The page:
Freakish two-way standout: Jack, a true freshman, became a national sensation on Saturday -- despite the late West Coast kickoff -- when he turned in helmet-sticker worthy performances on BOTH sides of the ball. On defense, he had eight tackles, a tackle for a loss and a fumble recovery. On offense, he rushed for a team-high 120 yards on just six carries, including the aforementioned 66-yard touchdown.

Smiley face: In recent seasons, just when things started to go well for Arizona State and UCLA, it became time to bet against them, particularly on the road. Both lacked consistent mental toughness. But both might be changing their ways. Both won on the road against good foes, overcoming myriad momentum shifts when they looked like they might be in trouble. Is it possible that their game on Nov. 23 will match top-15 teams with the stakes being the South Division? Maybe.

Frowny face: As great as Stanford's win is for Stanford, the Cardinal -- for the second consecutive season -- ruined the Pac-12's chances to put a team in the national title game. The Pac-12 hasn't won a national title since USC in 2004. The conference, in fact, has played in the title game only once since then, with Oregon getting nipped by Auburn after the 2010 season. While the league isn't mathematically eliminated -- if there's only one unbeaten team at season's end, the Pac-12 has a good shot at being No. 1 among the once-beatens -- it is a bit disappointing that the conference likely won't finish 2013 with the No. 1 team, thereby ending the SEC's streak of 103 consecutive national titles. Plus or minus.

Thought of the week: Oregon fans should stop panicking or allowing the nationwide trolling to get to them. College football nation: If the Ducks have been truly unmasked and your rough-tough team would dominate them, then why not seek them out for a nonconference game? Ohio State, Baylor, Florida State, Alabama, etc? If the Ducks are just a gimmick team, sign a game contract for a home-and-home series. Out West, however, we won't hold our breaths for one reason: Those teams want no part of that. Why? Because while a very good Stanford program, which is rougher and tougher than just about anyone, has won two in a row against the Ducks in impressive fashion, Oregon remains an elite team that can slice and dice the hopes and dreams of an opponent before it can say, "I wish my team hadn't been brave because now I can't be an anonymous trash-talking troll on Twitter."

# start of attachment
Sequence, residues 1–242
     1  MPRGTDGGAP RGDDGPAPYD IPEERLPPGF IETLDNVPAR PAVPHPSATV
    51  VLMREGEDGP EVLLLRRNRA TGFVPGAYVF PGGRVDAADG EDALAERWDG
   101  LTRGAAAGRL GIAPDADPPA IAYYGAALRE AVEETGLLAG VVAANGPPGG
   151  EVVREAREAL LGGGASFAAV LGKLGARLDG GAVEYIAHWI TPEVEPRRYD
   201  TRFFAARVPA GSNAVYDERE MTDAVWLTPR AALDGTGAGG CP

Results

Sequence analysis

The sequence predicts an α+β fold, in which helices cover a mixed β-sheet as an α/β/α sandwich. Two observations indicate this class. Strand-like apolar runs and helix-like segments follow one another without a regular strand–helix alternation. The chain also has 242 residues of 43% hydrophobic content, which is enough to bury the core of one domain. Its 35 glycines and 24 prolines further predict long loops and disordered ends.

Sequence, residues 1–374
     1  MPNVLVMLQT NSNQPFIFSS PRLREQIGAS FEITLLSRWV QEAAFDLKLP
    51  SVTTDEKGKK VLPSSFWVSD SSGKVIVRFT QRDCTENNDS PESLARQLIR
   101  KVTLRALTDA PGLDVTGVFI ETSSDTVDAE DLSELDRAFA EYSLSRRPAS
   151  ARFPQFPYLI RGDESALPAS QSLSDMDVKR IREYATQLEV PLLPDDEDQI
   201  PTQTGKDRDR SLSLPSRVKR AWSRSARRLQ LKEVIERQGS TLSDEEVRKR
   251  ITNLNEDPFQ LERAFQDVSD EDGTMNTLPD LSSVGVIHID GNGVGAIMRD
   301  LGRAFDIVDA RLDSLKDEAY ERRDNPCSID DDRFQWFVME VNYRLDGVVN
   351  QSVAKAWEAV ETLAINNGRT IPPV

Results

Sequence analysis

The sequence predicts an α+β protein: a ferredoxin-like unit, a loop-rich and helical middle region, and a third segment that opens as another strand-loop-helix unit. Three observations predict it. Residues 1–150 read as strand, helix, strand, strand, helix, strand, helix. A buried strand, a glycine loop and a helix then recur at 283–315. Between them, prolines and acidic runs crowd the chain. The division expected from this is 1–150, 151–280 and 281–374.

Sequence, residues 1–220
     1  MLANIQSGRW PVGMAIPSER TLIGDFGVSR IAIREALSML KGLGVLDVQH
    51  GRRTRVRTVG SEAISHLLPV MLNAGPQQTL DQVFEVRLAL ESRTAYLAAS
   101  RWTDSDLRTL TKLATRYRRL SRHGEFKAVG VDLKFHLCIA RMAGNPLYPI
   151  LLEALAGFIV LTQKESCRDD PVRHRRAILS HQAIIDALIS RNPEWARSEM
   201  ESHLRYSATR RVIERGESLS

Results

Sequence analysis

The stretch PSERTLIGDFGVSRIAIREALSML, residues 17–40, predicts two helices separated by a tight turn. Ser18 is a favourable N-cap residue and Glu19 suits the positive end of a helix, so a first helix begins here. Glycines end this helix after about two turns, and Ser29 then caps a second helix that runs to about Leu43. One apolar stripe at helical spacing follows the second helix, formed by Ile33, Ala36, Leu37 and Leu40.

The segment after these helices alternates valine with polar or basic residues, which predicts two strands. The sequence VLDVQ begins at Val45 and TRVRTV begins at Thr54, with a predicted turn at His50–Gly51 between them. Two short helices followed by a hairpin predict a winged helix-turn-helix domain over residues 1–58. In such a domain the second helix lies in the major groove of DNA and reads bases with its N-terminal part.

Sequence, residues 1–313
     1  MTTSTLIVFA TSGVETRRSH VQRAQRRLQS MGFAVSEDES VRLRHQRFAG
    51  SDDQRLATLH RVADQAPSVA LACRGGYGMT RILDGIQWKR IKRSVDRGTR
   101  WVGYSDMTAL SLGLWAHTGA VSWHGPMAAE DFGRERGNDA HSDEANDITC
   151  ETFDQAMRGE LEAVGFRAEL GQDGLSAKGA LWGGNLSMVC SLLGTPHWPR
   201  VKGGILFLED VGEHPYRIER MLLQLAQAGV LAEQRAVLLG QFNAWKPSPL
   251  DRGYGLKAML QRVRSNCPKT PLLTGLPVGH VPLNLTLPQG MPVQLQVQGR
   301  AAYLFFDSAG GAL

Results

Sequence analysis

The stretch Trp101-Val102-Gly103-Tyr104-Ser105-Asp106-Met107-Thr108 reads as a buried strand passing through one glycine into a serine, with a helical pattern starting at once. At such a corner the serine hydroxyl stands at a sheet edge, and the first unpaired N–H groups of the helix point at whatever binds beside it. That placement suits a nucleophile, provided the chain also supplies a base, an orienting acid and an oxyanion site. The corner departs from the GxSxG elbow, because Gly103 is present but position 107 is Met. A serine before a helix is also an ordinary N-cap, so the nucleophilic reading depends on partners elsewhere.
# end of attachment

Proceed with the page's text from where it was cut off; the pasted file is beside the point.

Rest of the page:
Question for the week: Is the Pac-12 still in the Heisman Trophy hunt? Sure, there's been an overreaction against Oregon QB Marcus Mariota, sprained knee and all, after the Ducks went down to Stanford and he didn't play well on a big stage. And Arizona losing to UCLA diminished Ka'Deem Carey's chances. But what happens if one or both finish strong? You could make an argument that both are the best players at their positions. Difficult to imagine at least one won't get an invitation to New York for the ceremony.

Pac-12 helmet stickers: Week 11

November, 10, 2013
11/10/13
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So who deserves a helmet sticker for a job well done?

Stanford: We could give a helmet sticker to RB Tyler Gaffney for his 45 carries for 157 yards. We could give it to his offensive line. We could give it to LB Shayne Skov, who led a stout defense with nine tackles, two for loss, two forced fumbles and a fumble recovery. Or the entire defense, which shut down the Ducks' offense. Or we could give it to David Shaw, defensive coordinator Derek Mason and the entire Stanford staff. But it's our freaking blog, so we're giving this extra large helmet sticker to the entire program.

Nelson Agholor, WR/PR, USC: Agholor caught only five passes for 35 yards, but he left little doubt about the special teams player of the week. He returned punts 75 and 93 yards for TDs in the Trojans 62-28 beatdown of California.

Will Sutton, DT, Arizona State: With the Sun Devils high-powerd offense stuck in second gear, Sutton led a stout defensive effort with nine tackles, a tackle for a loss and an interception, which clinched a 20-19 victory at Utah. The Utes had just 247 total yards.

Keith Price, QB, Washington: In a 59-7 win over Colorado, Price completed 21 of 29 passes for 312 yards with two touchdowns and no interceptions. He also rushed for 29 yards and a score as the Huskies became the conference's eighth bowl-eligible team. Oh, and Price didn't throw a pass in the second half.

Myles Jack, LB/RB, UCLA: The Bruins true freshman had eight tackles, a tackle for a loss and a fumble recovery on defense, and he rushed for a team-high 120 yards on just six carries, including a 66-yard touchdown that gave the Bruins their final TD in a 31-26 win at Arizona.

Happy Halloween in the Pac-12

October, 31, 2013